Basic shortcrust pastry is so so so easy, I don’t get it why people buy frozen? Puff pastry, ok, that’s a bit tricky (but still worth making your own). Phyllo, yep, right, I buy that most of the time. But shortcrust – nah, it takes less to make your own than it does to peel off that blue plastic, and you get to use real butter and no nasty transfats.
The recipe quantities and temperatures and times are a bit vague, because it really doesn’t matter too much. The more butter (and the less water) in your pastry, the more melt-in-the-mouth it is, but also the harder to handle (and the more calories). If you use lots of butter, you need to get it quite cool, or the butter melts as you are trying to roll it out and it gets sticky. But it’s very delicious and you can make the pastry quite thick and the star of the dish. If you are in a hurry, or the pastry is not the star of the dish, you can go light on the butter and roll it out thin for a more cracker-like pastry that is easy to handle.
That’s it really. All the rest is elaboration on the theme.
You can use cream or sour cream or oil in place of butter, but it works like melted butter and the pastry is harder to handle and might need to be rolled between sheets of greaseproof paper. If you have an egg white elsewhere in a recipe, you can substitute an egg yolk for part of the butter and it makes it slightly less “short” but still delicious and easier to handle than all butter. Any saturated fat (that sets solid at room temperature) can be substituted for the butter and you are just thinking about the taste rather than the texture. If you are using a low fat pastry and a low fat filling, a bit of “blind baking” first stops the filling soaking into the pastry and making it soggy. Blind baking just means covering your pastry with greaseproof paper and filling with uncooked beans, or rice, or chickpeas or something similar, and cooking for 10 minutes or so before filling. The beans are dry already so it doesn’t hurt them. If the pastry, or the filling, has a lot of butter, oil, cheese or eggs it, the pastry won’t go soggy and there’s usually no need.
The flour needs to be flour – it is the little grains of starch in it exploding that makes pastry. It can be wholemeal or unbleached, but other flours like besan behave differently. You can make pastry from them but it is a different story. Self-raising flour is a different story too.
The recipe makes 12 tartlets. They are perfect for lunch boxes, or party finger food – which is where these went. These are really quick and simple, and they were a party hit.
You can do this in a food processor, or just cut the butter into tiny cubes and rub it into the flour with your fingertips, till it resembles breadcrumbs. (My nanna used to say that the best pastry makers have cool hands, because the object of the exercise is to have tiny flecks of un-melted butter mixed through the flour.)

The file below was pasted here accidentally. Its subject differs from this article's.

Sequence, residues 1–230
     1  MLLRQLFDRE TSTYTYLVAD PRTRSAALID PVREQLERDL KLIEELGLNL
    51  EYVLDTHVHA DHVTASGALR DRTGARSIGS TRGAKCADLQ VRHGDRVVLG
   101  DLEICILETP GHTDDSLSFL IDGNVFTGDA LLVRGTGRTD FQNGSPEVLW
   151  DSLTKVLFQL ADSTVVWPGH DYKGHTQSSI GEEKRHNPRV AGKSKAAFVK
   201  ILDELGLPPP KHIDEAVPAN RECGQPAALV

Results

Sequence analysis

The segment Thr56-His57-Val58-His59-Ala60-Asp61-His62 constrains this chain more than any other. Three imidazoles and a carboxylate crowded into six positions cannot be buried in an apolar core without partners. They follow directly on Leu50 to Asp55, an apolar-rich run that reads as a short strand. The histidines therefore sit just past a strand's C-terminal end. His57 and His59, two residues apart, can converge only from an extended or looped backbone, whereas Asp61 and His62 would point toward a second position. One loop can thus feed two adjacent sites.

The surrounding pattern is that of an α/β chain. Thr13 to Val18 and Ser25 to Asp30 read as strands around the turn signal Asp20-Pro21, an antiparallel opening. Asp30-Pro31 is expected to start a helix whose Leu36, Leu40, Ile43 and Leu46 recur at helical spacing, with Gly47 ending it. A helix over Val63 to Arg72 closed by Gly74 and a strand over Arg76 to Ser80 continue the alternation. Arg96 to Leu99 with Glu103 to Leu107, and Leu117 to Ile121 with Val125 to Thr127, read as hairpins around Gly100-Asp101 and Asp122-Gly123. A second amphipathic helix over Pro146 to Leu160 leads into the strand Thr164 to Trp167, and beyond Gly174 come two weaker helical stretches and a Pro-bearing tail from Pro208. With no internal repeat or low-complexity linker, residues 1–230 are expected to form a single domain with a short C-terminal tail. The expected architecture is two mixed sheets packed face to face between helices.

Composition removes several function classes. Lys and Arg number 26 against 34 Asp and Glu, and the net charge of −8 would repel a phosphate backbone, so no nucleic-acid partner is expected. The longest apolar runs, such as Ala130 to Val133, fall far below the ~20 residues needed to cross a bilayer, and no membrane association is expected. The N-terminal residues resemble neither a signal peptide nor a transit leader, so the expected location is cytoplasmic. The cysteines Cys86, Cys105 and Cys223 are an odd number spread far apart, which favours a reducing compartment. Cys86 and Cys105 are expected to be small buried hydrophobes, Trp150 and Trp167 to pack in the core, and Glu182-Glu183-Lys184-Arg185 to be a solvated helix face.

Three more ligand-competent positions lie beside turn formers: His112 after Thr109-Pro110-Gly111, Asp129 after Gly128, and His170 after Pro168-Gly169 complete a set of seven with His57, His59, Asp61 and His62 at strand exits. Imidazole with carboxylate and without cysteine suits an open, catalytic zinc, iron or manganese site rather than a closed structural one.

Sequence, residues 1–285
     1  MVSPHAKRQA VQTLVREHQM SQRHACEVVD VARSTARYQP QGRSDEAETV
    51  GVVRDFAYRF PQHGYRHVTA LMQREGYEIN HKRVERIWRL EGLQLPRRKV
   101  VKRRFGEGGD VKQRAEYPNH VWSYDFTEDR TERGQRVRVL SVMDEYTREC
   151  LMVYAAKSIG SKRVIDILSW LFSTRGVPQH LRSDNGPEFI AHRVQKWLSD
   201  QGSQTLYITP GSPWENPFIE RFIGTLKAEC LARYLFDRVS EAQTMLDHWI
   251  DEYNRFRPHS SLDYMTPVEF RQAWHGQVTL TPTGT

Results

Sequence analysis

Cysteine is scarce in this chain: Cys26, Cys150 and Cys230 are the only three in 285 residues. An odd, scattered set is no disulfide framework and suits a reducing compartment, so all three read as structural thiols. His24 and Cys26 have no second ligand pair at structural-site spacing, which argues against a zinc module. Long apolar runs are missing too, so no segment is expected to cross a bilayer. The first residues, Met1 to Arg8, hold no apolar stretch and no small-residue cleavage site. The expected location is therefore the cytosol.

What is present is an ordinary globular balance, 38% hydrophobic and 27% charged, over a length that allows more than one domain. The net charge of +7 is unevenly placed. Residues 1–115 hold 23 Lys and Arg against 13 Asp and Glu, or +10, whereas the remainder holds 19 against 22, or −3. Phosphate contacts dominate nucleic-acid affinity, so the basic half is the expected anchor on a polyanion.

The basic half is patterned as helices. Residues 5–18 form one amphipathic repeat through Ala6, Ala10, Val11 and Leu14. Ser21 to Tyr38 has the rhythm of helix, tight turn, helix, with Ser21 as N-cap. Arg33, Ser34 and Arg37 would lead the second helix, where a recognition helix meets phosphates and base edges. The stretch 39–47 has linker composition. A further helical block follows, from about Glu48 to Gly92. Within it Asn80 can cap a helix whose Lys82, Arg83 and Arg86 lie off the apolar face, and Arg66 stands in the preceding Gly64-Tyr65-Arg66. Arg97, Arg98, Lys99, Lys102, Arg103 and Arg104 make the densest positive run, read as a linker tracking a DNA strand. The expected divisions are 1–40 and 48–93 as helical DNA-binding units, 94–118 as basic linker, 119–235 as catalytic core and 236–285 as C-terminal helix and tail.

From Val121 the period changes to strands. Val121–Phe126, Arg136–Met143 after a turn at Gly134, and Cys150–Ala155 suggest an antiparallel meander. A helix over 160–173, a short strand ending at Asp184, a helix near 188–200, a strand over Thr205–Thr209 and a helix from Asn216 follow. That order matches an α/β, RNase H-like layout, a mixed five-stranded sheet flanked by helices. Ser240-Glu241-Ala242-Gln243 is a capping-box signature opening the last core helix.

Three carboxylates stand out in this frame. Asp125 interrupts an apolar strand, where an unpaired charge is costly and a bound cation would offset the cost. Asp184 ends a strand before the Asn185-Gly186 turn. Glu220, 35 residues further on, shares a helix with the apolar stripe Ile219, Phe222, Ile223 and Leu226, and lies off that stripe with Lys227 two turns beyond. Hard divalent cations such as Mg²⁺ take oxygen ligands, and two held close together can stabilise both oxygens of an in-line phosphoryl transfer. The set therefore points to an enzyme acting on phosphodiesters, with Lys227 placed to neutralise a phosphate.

- 1 cup of wholemeal plain flour (wholemeal or unbleached)
- 2 heaped dessertspoons of cold butter
- pinch salt
Add just enough cold water to make a soft dough. Add it carefully, spoonful at a time. Put your dough in the fridge to cool down while you start the pumpkin off.
Peel, dice, and roast a cup and a half of pumpkin and one larg-ish red onion. Dice the pumpkin into 1 to 1.5 cm dice. You can sprinkle with a bit of fresh thyme if you have some. It will cook really quickly – you’ll just have time to roll out the pastry.
- 2 eggs
- a big dessertspoon of plain yoghurt (or cream, or sour cream)
- 100 grams Danish or Greek feta (the smooth kind, preferably)
- A little grating of parmesan
I use my food processor for the pastry, then without needing to wash it, for the filling. But you could also just beat them together with an egg beater.
Assembling and baking:
Grease 12 muffin tins or tart cases.
On a floured benchtop, roll the dough out, cut out 12 circles and line the tart cases. My regular sized muffin tray is perfect for this, and the lid from one of my large storage jars is perfect for cutting the pastry out.
Spoon the pumpkin and onion evenly into the tart cases. Spoon the egg and feta mix evenly over them.
Bake in a medium-hot oven for around 20 to 30 minutes, till the tart cases are crisp and colouring and the egg mix is set.
They are best is you let them cool before eating. No Teo, they aren’t cool yet.